Choosing an Open Source Desktop Search Tool: Part 3

by Rich on February 28, 2010

My search testing continues in this post with tracker, details on using tracker, recoll, and strigi.  My overall intent and plans are laid out in Part 1.  Testing environment details and my work with beagle appear in Part 2.

Tracker setup and searching

As with beagle, tracker was installed using apt-get install tracker.  Apt had a hefty package count for tracker — 201 for tracker vs. 208 for beagle.  These fell into only two general buckets, though:  Tracker and its related libraries/parsers and X/gnome.  Tracker is a C based tool, so there was no need for all of the Mono related additions.  This put tracker’s effective package count a bit higher than beagle’s.  It had a comparable set of tracker and parser related packages as well as a substantial amount of X related infrastructure.  For my purposes, that’s totally unnecessary — I have no plans to use the GUI — but if the GUI is assumed to be part of the tool, it’s understandable.  Tracker does have provisions for non-gui access, though it’s somewhat less friendly than Beagle (more below).

I ran into some early problems.  After completing the initial tracker installation, I couldn’t get trackerd to start, with complaints about hald (Hardware Abstraction Layer Daemon) being unavailable.  It turns out my JEOS environment didn’t have hald installed.  That was fixed with apt-get install hal and service hal start, but it was annoying as I was trying to determine if it was a problem with environment settings or packages.  This also is clearly not a fault of tracker per se, but rather tracker’s packaging in Ubuntu and unidentified dependencies.

Trackerd is explicitly and entirely dependent on dbus .  When run within a gnome session, this is readily available.  In my command line only environment, there was no dbus session instance waiting for me.  The obvious way to do this is to use dbus-launcher to kick off trackerd.  For my purposes, though, it wasn’t ideal.  When launching dbus from inside a shell, the dbus session is a child of the shell, and its children have access to the dbus session.  I needed both trackerd and the search tools to have access to the dbus session instance, so I used dbus-launcher bash to give myself a new shell from which everything would have access to the dbus session instance I was using for tracker.  Startup, then, was dbus-launcher bash, and from that shell, trackerd &.

That got trackerd running and searchable, but let me without any indexing.  Verbose mode (trackerd -v 2 &) told me that trackerd was running in read-only mode.  This hunt was a little more annoying, as the debugging message of read-only mode is not consistent with the language used in the config file or documentation.  Tracker.cfg  has a number of directives which enable content indexing, several of which were disabled.  I had to go in and turn on EnableWatching, EnableIndexing and EnableContentIndexing.  It’s possible I could have gotten by with fewer of these, but when the config file comments tell me these ‘disable all indexing’, I opted for the shotgun approach.  This, again, is not a limitation of tracker, but reflects on Ubuntu’s packaging decisions.  I don’t know that it’s even a serious concern, as any configuration of tracker on the desktop would surely fix these values, it most cases it would be transparent to the user.  I expect it’s more a result of my focus on the command line as contrary to Ubuntu’s focus on the desktop.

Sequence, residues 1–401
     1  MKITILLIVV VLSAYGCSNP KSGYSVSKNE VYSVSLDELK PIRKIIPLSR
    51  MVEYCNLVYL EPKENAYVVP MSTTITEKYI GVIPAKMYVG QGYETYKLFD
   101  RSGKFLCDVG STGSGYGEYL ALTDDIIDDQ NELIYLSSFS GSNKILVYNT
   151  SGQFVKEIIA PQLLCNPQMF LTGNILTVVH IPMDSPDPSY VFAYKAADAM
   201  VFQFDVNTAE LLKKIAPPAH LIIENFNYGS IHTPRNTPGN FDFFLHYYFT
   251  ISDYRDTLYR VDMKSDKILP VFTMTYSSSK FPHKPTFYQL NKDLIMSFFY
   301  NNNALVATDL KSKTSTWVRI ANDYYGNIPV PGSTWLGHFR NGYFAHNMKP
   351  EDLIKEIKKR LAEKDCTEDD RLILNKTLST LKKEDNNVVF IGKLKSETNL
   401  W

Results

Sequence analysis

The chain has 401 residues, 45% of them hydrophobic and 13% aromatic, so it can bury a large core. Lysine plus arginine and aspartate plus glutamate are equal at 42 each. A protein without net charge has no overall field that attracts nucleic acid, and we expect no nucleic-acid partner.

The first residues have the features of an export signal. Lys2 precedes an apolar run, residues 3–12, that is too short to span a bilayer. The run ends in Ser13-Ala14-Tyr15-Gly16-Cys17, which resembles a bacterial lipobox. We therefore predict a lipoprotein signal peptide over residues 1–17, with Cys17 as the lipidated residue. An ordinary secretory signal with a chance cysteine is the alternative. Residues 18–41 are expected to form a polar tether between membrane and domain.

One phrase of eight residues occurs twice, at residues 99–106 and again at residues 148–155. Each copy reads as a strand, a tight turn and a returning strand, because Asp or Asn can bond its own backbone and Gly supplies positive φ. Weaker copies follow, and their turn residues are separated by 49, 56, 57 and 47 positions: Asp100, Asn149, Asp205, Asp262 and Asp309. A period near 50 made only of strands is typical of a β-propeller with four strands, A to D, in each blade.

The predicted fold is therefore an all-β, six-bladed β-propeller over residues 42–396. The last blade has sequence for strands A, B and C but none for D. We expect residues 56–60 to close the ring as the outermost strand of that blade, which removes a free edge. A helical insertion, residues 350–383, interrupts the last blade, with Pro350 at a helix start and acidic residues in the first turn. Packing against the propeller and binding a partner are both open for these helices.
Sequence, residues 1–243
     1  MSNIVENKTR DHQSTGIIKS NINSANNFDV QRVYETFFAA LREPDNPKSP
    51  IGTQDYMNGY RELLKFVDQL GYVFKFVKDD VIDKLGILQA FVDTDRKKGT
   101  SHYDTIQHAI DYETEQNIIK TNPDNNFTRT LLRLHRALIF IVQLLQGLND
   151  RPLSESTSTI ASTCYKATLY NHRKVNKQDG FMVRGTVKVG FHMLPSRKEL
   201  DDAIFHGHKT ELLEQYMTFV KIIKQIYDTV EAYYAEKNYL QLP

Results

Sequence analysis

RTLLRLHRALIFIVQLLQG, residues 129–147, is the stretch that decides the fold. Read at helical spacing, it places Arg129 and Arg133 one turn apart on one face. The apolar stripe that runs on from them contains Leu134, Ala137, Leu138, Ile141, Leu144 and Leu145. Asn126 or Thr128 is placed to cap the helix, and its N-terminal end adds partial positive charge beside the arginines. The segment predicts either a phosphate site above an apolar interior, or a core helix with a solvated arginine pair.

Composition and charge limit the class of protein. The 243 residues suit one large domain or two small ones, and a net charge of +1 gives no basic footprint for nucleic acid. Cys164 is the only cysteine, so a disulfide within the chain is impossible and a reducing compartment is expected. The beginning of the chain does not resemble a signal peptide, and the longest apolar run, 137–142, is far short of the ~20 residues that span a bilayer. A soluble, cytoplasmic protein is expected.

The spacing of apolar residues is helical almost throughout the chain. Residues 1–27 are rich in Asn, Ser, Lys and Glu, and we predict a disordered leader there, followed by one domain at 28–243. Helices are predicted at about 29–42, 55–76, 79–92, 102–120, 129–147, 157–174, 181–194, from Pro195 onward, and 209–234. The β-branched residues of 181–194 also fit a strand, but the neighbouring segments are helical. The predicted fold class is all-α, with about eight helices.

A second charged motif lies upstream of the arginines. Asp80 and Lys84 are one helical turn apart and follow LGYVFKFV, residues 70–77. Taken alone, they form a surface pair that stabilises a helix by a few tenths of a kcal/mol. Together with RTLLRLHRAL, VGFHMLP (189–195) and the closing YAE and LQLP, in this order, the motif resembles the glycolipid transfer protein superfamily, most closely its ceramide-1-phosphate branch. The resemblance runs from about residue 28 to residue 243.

Directories to crawl and inotify monitor can be configured in the same tracker.cfg with the CrawlDirectory and WatchDirectoryRoots options respectively.  As with beagle, by default tracker monitors the user’s home directory.  Unlike beagle, which adds a config entry per directory, tracker lists multiple directories on a single line.

Tracker search syntax is different from beagle’s.  Where beagle is google-like, tracker uses RDF/SPARQL syntax.  In principle, this is very powerful, as SPARQL is very flexible and SQL-like.  As a practical matter, it’s probably less accessible to typical users.  There are two different command line search tools:  tracker-search and tracker-query.  Tracker-search takes simple arguments which AND together the strings in the search.  Tracker-query runs the query in a SPARQL file the searcher must provide.  I wanted to keep things simple, so I limited my searches to tracker-search.

Tracker did some things very well.  Document searches did everything beagle did, plus it successfully indexed MS Word 2003 documents.  It was not successful with Word 2007 format documents.  For spreadsheets, it also was only able to provide results for the OpenOffice spreadsheet, returning no results for the xls or csv files.  Audio file tags were effective for mp3 and ogg, but not for m4a.  Filename searches were solid for any files directly visible to tracker, but no results were provided for files contained in an archive of any kind.